Panacea is Found in Our Civilization’s Music. Originally I posted this on our other website: Reviving Antiquity@aol.com, however, I feel it is common to both of these sites. Certainly, in the past many composers of music borrowed from themselves. For example, in music, the BACH motif is a motif. Its notes are a succession of notes important or characteristic to a piece. These notes are B flat, A, C, B natural. In German musical nomenclature the note B natural is named H and the B flat named B. It forms Johann Sebastian Bach‘s family name.
So, Here is My Panacea Quote from Reviving Antiquity
Panacea – what is its meaning? In Greek mythology, she(Greek Πανάκεια, Panakeia) was a goddess of universal remedy. This remarkable entity was the daughter of Asclepius and Epione. With her sisters each performed a facet of Apollo‘s art:
Panacea (the goddess of universal health).
Hygieia (“Hygiene”, the goddess/personification of health, cleanliness, and sanitation).
Aglæa/Ægle (the goddess of beauty, splendor, glory, magnificence, and adornment).
It’s time to cure the ills of mankind. Music, when properly applied, can do just that. Best of all, it’s free. Also the knowledge I write about has the capacity improve the interpretation of music by a searching musician. That analysis is for the future. First notice there are 12 basic key signatures. The bottom three are called “enharmonic.”
C# major is merely another letter name for Db major.
F# major is another name for Gb major
Cb is another name for B major.
This means there are basically 12 key signatures. I have my reasons for aligning the 12 key signatures with the 12 zodiac signs. Many have done this before me, but I feel my way is most correct. My reasons will be explained over time.
Let’s discuss heart problems. To cure these problems listen to classical music in the key of one flat. That, as you can see from the diagram, is F major and its relative minor of D. Why classical? Quite often, classical music is defined by its key signature. i.e. : Symphony in F major, Quartet in D minor, Trio in D minor, etc. The minor key alleviates the sordid condition. The major maintains good health in the area needed. More will be forthcoming. Keep checking.
Poetry signals Change is in the Air. Said another way: When there is no poetry of quality then musical quality takes a nose dive. This is not only my own observation. As my resource I quote Music by Frederic V. Grunfeld. The book I read it in is published by Newsweek Books out of New York. Place and year- Mondadaori, Verona, Italy, 1974.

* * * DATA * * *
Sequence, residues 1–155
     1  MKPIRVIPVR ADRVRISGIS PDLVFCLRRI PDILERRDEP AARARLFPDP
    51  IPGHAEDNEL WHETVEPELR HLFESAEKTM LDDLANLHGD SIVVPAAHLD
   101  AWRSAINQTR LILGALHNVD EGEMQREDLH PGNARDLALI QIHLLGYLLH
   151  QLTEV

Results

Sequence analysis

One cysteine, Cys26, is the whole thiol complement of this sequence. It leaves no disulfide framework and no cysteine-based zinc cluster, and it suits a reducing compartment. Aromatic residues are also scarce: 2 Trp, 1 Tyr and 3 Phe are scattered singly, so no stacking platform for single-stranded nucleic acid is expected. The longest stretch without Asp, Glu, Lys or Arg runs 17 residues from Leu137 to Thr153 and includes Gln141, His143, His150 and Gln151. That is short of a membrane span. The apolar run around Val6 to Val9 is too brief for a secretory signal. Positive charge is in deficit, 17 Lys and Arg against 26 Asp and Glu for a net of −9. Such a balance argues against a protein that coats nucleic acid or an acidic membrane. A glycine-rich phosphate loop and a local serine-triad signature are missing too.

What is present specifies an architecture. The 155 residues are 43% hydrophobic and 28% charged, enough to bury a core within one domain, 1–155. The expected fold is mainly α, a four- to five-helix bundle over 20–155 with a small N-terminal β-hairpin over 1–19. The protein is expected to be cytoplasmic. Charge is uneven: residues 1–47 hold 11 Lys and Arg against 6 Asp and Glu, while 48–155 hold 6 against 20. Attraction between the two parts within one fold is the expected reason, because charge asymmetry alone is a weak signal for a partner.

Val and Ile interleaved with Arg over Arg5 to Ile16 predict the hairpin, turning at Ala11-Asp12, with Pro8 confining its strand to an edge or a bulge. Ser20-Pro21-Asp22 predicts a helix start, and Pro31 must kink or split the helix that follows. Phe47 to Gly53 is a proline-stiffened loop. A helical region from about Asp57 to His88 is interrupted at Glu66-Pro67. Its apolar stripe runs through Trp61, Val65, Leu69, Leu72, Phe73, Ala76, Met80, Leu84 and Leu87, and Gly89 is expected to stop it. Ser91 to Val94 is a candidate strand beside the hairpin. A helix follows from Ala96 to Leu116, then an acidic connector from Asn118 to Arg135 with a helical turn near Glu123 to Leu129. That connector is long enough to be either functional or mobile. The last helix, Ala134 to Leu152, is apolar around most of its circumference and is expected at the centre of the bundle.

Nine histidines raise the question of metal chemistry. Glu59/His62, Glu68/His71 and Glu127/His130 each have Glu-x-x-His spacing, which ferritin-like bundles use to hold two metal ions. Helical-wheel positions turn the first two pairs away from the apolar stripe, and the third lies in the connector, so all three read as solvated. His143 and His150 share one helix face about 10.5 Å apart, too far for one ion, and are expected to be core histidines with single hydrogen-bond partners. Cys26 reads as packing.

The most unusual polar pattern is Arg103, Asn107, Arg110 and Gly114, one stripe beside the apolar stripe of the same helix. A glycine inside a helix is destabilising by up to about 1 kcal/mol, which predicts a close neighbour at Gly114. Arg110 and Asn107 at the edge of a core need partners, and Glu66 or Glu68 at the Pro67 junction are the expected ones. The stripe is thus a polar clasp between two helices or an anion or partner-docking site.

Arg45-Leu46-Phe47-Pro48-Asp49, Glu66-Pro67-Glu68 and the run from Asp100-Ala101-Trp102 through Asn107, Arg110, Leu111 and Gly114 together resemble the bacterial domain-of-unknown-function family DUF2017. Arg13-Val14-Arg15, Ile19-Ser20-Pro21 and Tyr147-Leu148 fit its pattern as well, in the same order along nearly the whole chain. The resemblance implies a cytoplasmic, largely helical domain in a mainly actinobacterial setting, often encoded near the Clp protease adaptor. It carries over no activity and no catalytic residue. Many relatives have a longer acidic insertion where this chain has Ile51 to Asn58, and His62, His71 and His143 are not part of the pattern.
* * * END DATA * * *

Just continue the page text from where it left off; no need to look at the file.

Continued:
Poetry (founded as Poetry: A Magazine of Verse) has been published in Chicago since 1912. It is one of the leading monthly poetry journals in the English. Poetry is founded by Harriet Monroe and now published by the Poetry Foundation. It is currently edited by Don Share
Those who decry the primitivism of today’s music along with its limited scope, need to look for another Heinrich Heine type figure. Indeed, so many “songs” use about three or four repeated notes or thrive on platitudes and vulgarity. I have already mentioned him on DSOworks in the internal link below. The problem is where is our Henrich Heine for this present day and age?
As a writer of poetry, I am inspired by the same place at which the Marvelous Mrs. Maisel was filmed for this coming season: Scott’s Oquaga Lake House on Oquaga Lake. The beauty and enchantment of the lake knows no limits.
Here is an excerpt from my poem called “Fun.” It describes this setting in some detail.
The diving platform is located
End the end of the extended dock.
Canoes and kayaks are nearby
The woods where the birds do flock.
The swimming area is marked
By yellow balls on rope
Fastened to a rubber raft
Beyond which the lake has slope.
A second dock is to the left
With a speedboat at its end.
On its left we find a showboat
Built just for voices to blend.
A playhouse is to the rear
Grand piano is set on stage
Near bowling ping-pong and pool
Games all quite the rage!
Do yourself a favor and make a pilgrimage to Oquaga Lake and visit Scott’s Hotel. A number of doctors from India did just that! All this beauty and memorabilia can be yours to enjoy. Revive that ancient poetic feeling so many once had. And please share this post!